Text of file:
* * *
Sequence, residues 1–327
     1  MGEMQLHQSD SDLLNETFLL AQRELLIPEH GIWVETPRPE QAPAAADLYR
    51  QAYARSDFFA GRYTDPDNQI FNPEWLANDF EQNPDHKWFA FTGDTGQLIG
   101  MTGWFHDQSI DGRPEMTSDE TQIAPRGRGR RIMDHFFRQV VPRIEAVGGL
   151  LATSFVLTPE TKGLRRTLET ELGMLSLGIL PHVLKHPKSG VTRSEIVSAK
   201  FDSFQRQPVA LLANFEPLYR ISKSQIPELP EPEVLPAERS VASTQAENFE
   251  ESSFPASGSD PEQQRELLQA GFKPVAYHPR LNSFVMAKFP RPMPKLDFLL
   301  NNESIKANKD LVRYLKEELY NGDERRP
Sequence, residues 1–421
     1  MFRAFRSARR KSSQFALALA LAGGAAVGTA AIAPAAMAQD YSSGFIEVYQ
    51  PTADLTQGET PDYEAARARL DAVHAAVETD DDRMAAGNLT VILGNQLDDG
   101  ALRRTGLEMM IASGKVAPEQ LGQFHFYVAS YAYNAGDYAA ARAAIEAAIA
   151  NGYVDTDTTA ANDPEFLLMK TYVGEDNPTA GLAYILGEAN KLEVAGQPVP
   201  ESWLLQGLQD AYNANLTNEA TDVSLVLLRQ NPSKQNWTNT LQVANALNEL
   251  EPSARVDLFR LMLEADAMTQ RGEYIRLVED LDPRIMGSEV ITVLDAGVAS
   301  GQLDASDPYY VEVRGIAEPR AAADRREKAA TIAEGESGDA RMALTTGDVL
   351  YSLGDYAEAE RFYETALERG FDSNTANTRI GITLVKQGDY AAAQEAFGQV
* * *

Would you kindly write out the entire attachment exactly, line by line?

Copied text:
Sequence, residues 1–327
     1  MGEMQLHQSD SDLLNETFLL AQRELLIPEH GIWVETPRPE QAPAAADLYR
    51  QAYARSDFFA GRYTDPDNQI FNPEWLANDF EQNPDHKWFA FTGDTGQLIG
   101  MTGWFHDQSI DGRPEMTSDE TQIAPRGRGR RIMDHFFRQV VPRIEAVGGL
   151  LATSFVLTPE TKGLRRTLET ELGMLSLGIL PHVLKHPKSG VTRSEIVSAK
   201  FDSFQRQPVA LLANFEPLYR ISKSQIPELP EPEVLPAERS VASTQAENFE
   251  ESSFPASGSD PEQQRELLQA GFKPVAYHPR LNSFVMAKFP RPMPKLDFLL
   301  NNESIKANKD LVRYLKEELY NGDERRP
Sequence, residues 1–421
     1  MFRAFRSARR KSSQFALALA LAGGAAVGTA AIAPAAMAQD YSSGFIEVYQ
    51  PTADLTQGET PDYEAARARL DAVHAAVETD DDRMAAGNLT VILGNQLDDG
   101  ALRRTGLEMM IASGKVAPEQ LGQFHFYVAS YAYNAGDYAA ARAAIEAAIA
   151  NGYVDTDTTA ANDPEFLLMK TYVGEDNPTA GLAYILGEAN KLEVAGQPVP
   201  ESWLLQGLQD AYNANLTNEA TDVSLVLLRQ NPSKQNWTNT LQVANALNEL
   251  EPSARVDLFR LMLEADAMTQ RGEYIRLVED LDPRIMGSEV ITVLDAGVAS
   301  GQLDASDPYY VEVRGIAEPR AAADRREKAA TIAEGESGDA RMALTTGDVL
   351  YSLGDYAEAE RFYETALERG FDSNTANTRI GITLVKQGDY AAAQEAFGQV